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Thousands March In Chicago As Protests Over Trump's Election Continue

Protests have taken place across several U.S. cities.

Thousands of Americans took to the streets in Chicago, as protests over Donald Trump's election as U.S. president continued.

Several thousand people marched through the city's downtown on November 12, chanting "no hate, no fear, immigrants are welcome here."

Trump, during his election campaign, railed against immigrants, Muslims and other groups, prompting fears that his administration could follow through with harsh measures.

Meanwhile, a crowd estimated at nearly 2,000 marched down Manhattan's Fifth Avenue chanting "not my president" as they headed toward Trump's headquarters. No violence or disturbances were reported.

In his first media interview since the November 8 election, Trump was asked by The Wall Street Journal if he thought his rhetoric had gone too far.

Trump responded: "No. I won."

Trump, who initially denounced protesters as "professionals" who were "incited" by the media, reversed course and praised them on November 11.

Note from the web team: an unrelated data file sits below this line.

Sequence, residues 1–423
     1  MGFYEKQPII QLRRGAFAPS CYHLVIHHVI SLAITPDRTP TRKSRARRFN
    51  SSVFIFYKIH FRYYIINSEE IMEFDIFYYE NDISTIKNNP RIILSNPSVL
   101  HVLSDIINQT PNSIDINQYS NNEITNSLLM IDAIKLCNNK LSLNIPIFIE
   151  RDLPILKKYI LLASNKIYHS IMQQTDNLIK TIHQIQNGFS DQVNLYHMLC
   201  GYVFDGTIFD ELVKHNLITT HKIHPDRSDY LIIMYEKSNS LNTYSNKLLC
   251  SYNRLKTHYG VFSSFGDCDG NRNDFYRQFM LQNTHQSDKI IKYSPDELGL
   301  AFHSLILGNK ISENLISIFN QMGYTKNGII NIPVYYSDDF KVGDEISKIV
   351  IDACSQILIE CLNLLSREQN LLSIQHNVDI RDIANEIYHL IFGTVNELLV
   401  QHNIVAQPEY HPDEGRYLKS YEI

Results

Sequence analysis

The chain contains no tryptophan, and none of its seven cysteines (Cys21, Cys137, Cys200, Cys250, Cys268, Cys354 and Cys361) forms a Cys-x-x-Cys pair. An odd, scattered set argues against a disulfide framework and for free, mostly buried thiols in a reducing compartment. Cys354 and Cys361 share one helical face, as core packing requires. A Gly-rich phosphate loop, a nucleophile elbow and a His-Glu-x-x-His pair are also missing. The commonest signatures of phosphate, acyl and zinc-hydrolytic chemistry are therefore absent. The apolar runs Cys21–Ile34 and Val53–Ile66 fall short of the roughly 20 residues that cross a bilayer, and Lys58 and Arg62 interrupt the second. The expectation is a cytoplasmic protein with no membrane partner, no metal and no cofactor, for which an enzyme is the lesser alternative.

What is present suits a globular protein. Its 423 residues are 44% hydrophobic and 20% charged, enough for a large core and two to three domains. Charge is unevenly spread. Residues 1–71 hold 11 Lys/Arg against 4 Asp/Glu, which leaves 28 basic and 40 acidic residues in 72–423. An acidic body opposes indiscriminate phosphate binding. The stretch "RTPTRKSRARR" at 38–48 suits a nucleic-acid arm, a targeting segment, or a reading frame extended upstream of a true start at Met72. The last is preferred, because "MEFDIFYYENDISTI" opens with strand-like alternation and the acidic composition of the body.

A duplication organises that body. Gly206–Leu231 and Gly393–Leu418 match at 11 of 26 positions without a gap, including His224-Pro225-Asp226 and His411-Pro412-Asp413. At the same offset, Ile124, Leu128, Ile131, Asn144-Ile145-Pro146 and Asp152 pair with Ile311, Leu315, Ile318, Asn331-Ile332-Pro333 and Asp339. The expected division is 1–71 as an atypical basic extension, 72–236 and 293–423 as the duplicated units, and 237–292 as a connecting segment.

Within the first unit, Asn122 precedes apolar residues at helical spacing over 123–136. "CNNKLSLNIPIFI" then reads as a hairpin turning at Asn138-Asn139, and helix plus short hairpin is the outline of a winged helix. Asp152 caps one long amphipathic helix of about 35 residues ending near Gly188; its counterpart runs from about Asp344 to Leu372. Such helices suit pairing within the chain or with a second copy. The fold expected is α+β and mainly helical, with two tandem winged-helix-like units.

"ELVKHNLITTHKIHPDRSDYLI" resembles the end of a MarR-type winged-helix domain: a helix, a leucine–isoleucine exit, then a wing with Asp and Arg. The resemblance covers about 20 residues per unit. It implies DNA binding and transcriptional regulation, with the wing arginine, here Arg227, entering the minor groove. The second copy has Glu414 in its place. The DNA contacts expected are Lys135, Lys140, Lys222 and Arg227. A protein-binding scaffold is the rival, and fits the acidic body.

Overnight, in Portland, Oregon, thousands gathered for a third straight night of largely peaceful protests. There was some violence, however, where a demonstrator was shot and sustained non-life-threatening injuries.

In Miami, several thousand activists marched through the downtown, with a few hundred making their way onto a highway, halting traffic in both directions.

And a mainly peaceful protest by about 3,000 people ended in Los Angeles early November 12 with about 200 arrests for failure to disperse after police broke up the lingering demonstration.

Some of those opposed to Trump have started gathering petition signatures calling on the Electoral College to elect his Democratic rival, Hillary Clinton, as president rather than Trump. They argue that because Clinton won the popular vote, but not a majority of Electoral College electors, she should in fact be president.

The Electoral College was set up by the drafters of the U.S. Constitution to balance the electoral weight of more populous states like New York with more rural, less populated states, like Kansas. In several presidential elections in U.S. history, winners have lost the popular vote, but won the Electoral College vote, most recently George W. Bush in 2000.

With reporting by Reuters and AFP
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